Vader, Moff Trachta, Cadet Thom, and the wounded Emperor finally reach the potentially life-saving medical facilities of the mysterious Jedi Ghost Prison. Vader and company’s last hope to save the ailing Emperor are the result of a secret prison where dangerous prisoners were kept outside the purview of the Republic and many of the Jedi Padawans during the Clone War. Just another mistake of dealings in the “gray areas” that helped corrupt and bring down the Old Republic, the Ghost Prison becomes yet another “Jedi lie” that galvanizes Vader’s black and white only view of the galaxy, and its ruling Empire. Sadly, the mistakes of the Old Republic look to continue to haunt and derail the any resistance to the evil Empire that has had an opportunity to rise at this point…
Packed with some pretty thinly veiled, but nonetheless incredibly poignant political metaphor and commentary, Star Wars: Darth Vader and the Ghost Prison continues to be one of the more interesting Star Wars universe based Dark Horse comics released recently. The character development is incredibly fresh and powerful as Thom, Trachta, and the Imperial rebels on Coruscant are all engaging, and in many cases tragically flawed in a Shakespearian way, much like Darth Vader himself. His fascist out look of there being only “…black and white…what benefits the Empire and what does not” was fostered by the lack of transparency that the Jedi Council reveled in before the fall of the Old Republic, and the existence of the Ghost Prison’s existence being hidden from the young Anakin Skywalker was just another mistake that tipped the galaxy into being dominated by a military dictatorship. The whole Star War prequel mythos is more or less a commentary on the dangers of allowing too much power to coalesce into one man’s hands (a la too much power to make war-either justly or unjustly-being concentrated in the hands of the executive), and Darth Vader and the Ghost Prison intelligently keeps this warning alive through its sly political commentary. Haden Blackmon’s tale isn’t itself black and white either though. It is interpretable, and the validity of the motivations of all is suspect and sustainable. It’s a pretty masterful piece of political theatre.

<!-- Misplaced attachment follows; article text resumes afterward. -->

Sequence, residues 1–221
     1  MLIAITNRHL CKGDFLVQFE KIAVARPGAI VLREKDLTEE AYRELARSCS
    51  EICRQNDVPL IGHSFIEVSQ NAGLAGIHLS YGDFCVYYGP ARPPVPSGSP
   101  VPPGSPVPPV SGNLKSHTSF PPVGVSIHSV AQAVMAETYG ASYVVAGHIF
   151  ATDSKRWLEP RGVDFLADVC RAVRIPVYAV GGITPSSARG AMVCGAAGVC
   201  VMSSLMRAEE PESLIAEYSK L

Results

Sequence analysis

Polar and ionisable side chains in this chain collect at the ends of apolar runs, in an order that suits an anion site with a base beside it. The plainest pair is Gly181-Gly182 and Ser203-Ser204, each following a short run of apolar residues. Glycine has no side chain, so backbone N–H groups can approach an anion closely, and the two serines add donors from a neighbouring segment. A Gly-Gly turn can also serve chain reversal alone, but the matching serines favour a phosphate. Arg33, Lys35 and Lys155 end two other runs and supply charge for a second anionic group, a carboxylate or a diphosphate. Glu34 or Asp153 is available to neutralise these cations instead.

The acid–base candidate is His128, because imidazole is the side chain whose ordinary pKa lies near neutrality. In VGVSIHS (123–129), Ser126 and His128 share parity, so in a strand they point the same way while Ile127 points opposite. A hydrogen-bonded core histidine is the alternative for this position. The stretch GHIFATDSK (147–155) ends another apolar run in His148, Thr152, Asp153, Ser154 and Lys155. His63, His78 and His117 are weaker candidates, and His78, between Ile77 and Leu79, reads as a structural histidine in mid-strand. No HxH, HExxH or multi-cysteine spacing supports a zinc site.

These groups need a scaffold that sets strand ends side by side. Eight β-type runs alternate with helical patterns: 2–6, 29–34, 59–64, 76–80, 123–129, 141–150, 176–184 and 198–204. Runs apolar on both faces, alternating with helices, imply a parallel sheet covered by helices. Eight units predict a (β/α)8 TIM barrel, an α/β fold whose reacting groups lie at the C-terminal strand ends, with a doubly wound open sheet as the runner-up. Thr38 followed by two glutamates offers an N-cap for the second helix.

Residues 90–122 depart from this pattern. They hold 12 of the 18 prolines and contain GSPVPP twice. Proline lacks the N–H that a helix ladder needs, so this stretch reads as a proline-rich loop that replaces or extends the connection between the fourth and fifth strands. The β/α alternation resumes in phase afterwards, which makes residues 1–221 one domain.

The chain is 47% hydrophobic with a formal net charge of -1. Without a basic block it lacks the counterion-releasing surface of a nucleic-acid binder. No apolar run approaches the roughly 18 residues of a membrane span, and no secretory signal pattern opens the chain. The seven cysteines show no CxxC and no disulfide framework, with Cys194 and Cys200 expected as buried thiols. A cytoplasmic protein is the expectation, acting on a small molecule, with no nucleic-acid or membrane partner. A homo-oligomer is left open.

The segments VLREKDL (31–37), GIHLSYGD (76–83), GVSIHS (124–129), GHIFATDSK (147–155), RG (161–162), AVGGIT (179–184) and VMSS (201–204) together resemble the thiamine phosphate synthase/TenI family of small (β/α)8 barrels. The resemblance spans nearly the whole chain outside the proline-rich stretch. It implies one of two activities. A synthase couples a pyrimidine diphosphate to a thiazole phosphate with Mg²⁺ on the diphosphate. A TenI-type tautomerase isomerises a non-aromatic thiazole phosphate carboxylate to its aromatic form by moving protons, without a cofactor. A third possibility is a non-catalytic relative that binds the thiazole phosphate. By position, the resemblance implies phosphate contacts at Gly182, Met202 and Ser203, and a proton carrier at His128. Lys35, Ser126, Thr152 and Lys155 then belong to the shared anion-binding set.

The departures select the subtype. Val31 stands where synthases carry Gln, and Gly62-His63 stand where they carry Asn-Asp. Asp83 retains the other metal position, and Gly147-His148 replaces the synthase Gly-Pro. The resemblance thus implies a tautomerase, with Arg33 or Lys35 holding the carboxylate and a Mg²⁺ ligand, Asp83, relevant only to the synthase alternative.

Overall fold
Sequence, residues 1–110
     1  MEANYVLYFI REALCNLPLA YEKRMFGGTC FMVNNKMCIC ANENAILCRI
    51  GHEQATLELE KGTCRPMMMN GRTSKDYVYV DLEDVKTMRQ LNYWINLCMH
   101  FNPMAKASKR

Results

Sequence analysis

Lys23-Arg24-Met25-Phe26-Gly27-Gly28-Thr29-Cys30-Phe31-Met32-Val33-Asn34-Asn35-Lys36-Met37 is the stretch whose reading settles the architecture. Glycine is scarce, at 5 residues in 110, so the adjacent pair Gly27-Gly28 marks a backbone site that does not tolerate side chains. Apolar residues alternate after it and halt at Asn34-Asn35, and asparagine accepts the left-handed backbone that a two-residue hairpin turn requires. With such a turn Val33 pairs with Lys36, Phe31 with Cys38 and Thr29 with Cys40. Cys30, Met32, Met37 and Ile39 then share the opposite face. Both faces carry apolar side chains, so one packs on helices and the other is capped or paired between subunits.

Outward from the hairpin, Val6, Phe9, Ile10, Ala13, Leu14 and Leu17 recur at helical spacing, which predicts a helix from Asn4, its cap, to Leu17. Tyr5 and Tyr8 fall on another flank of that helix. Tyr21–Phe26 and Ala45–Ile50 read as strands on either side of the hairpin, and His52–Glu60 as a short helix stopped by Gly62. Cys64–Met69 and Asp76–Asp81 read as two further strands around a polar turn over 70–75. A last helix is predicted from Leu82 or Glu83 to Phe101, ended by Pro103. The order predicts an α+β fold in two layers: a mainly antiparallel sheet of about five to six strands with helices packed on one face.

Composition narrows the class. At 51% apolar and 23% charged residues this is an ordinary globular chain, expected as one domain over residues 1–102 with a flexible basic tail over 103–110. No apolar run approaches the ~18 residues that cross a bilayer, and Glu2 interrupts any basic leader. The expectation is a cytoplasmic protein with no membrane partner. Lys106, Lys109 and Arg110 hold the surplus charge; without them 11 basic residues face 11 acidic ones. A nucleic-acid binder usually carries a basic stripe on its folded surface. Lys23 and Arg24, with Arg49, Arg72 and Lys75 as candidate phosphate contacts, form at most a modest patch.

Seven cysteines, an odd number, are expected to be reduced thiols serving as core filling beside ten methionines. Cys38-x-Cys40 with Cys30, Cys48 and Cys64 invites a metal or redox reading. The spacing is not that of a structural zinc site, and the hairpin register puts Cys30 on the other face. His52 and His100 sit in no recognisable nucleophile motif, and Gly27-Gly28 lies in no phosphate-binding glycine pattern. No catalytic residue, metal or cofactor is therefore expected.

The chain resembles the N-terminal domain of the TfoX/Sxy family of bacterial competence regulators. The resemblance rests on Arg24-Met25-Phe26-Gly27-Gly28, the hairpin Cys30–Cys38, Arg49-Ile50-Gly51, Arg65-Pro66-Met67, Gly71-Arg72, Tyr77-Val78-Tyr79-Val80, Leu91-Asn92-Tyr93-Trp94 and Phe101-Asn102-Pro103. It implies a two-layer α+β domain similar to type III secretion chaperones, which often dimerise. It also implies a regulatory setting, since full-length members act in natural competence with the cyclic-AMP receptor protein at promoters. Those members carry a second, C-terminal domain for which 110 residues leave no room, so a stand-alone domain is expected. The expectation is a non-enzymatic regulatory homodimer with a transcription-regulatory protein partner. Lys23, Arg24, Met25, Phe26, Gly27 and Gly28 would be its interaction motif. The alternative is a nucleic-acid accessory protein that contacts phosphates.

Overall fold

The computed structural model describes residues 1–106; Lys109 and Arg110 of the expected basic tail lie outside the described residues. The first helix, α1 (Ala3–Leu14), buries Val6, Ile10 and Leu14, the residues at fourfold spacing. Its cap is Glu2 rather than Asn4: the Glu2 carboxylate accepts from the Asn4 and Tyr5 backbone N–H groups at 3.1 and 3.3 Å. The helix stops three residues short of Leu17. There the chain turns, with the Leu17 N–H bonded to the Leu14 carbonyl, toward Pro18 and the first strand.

Artist Agustin Alessio’s art is also quite masterful in its layout, recreation of the accurate visages and body language of the Star Wars films’ actors, and its accuracy of detail. He also manages to create a dark and disturbing view of the usually bright and shiny Star Wars universe and environment that fits the story’s heavy themes with his dark and dreary coloring scheme.
I haven’t read many recent Star Wars universe materials, be they books or comics, but if the quality of the mature Star Wars universe comics from Dark Horse continue to be as engaging and intelligent as Darth Vader and the Ghost Prison, readers such as myself will continue to return to the fold in droves.